Chiropractic: part of an integrated health-care team that puts patients first

Needing to keep your body and joints feeling good, functioning well, and protected from injury are all things Albertans are aware of. But what about the extra issues for folks who ride in rodeos, run the chuckwagons, or farm or ranch? How do they keep up with their rigorous, demands of their life’s work? The answer may surprise you – teamwork!

“In the health-care profession, we call that an ‘integrated care approach,’” explains Dr. Blaine Bugg, an Alberta-born and bred chiropractor who treats patients out of his Calgary-based clinic, who is also the President of the Canadian Pro Rodeo Sport Medicine program.

Founded in 1983, the Canadian Pro Rodeo Sport Medicine Team (CPRSMT) is a group of dedicated caregivers who are passionate about the sport of rodeo and the western way of life. From four volunteers in 1983 the team has grown to over 50 caregivers that provide a variety of care and treatment to pro rodeo and chuckwagon athletes at events like the Calgary Stampede, Professional Bull Riders competitions and other Canadian Pro Rodeo Association events across Canada – all told, about 180 performances each year.

The Team consists of over 50 practitioners in the disciplines of athletic therapy, chiropractic care, and massage therapy that provide on-site attention to rodeo athletes. The Team also educates and enables competitors to better care for themselves and their injuries, to ensure they get the most out of their lives and rodeo careers. The CPRSMT also includes a curated network of physicians, sport medicine physicians, and orthopedic surgeons providing post injury care to rodeo competitors.

What is integrated care?

Typically, when you visit your health-care provider, whether it be a chiropractor, massage therapist, doctor, or other practitioner, they will conduct an assessment and recommend care based on their findings. In a fully integrated approach like the one used at the Sport Medicine program, the assessment is conducted by a number of practitioners before a treatment plan is even established. This way, patients can feel confident that every area that needs attention is being looked after by the correct specialist.

This is the main advantage for the patient in an integrated approach to care. Rather than practitioners working independently to care for your injury, they come together to provide their expertise for each individual element of the injury which necessitates greater focus on the person’s needs and care. They all work together in a coordinated fashion, sharing relevant medical information, and sharing responsibility for positive patient outcomes.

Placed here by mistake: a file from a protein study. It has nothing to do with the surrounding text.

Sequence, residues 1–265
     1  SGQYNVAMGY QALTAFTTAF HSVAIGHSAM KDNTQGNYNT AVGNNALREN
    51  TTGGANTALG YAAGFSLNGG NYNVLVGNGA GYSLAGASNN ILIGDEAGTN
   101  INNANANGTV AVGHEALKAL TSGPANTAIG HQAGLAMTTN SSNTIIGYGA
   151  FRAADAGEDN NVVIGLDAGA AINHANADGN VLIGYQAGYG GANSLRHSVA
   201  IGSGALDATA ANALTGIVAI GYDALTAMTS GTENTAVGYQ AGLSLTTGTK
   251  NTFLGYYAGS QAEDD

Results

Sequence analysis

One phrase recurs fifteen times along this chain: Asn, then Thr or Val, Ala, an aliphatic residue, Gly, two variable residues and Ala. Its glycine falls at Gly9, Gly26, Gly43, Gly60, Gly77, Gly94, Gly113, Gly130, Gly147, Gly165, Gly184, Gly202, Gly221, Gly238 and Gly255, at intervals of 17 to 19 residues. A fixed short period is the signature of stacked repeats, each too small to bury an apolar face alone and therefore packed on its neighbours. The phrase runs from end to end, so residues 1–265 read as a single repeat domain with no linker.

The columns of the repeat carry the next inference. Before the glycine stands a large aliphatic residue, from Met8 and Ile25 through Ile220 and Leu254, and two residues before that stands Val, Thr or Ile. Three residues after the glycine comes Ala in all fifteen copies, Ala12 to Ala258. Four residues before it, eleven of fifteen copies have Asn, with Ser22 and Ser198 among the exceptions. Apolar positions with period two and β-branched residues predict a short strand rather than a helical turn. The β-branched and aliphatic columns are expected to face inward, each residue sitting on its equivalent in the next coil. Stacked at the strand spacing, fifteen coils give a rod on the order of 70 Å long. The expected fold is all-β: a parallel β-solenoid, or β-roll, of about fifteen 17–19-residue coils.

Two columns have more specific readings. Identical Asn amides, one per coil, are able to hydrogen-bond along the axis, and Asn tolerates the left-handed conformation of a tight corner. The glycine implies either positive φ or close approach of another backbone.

Why is integrated care important?

An integrated approach to care sees the value that each discipline brings to the table. It eliminates the separation between disciplines, encourages a multi-faceted approach, and provides patients with more fulsome care.

Dr. Bugg explains, “sometimes I evaluate a patient and recognize that I am able to help, and other times I recognize that I will only be getting in the way of their care and it would be more impactful to refer them on to another practitioner.”

Integrated care means patients are always put first.

Who is integrated care for?

For practitioners in the Sport Medicine program, which on average does more than 4,000 treatments each year, 40 per cent of their patient base is coming in for preventative maintenance, not rodeo accidents. Dr. Bugg explains, “It’s not just injuries we see—some athletes come in before competing because they’ve been driving in a truck or car for 10 hours to get here.”

It’s not just rodeo athletes that benefit from preventative, integrated care—we all do. By routinely seeing a team of practitioners that seamlessly work together, you can be confident you’re receiving the most appropriate and targeted care from the right source.

How do I know if my provider follows an integrated approach?

Knowing if your health-care provider follows an integrated approach is as simple as asking.

You can have this conversation during your first appointment, or even before you select them as a provider. When you go see your family doctor, you should have confidence that they have a network of colleagues that specialize in other kinds of care.

Remember—as the patient you are entitled to ask these questions and know that your care is a priority.

If you want to hear more about Dr. Bugg, check out his recent feature on the WPCA podcast, done in partnership with the ACAC.

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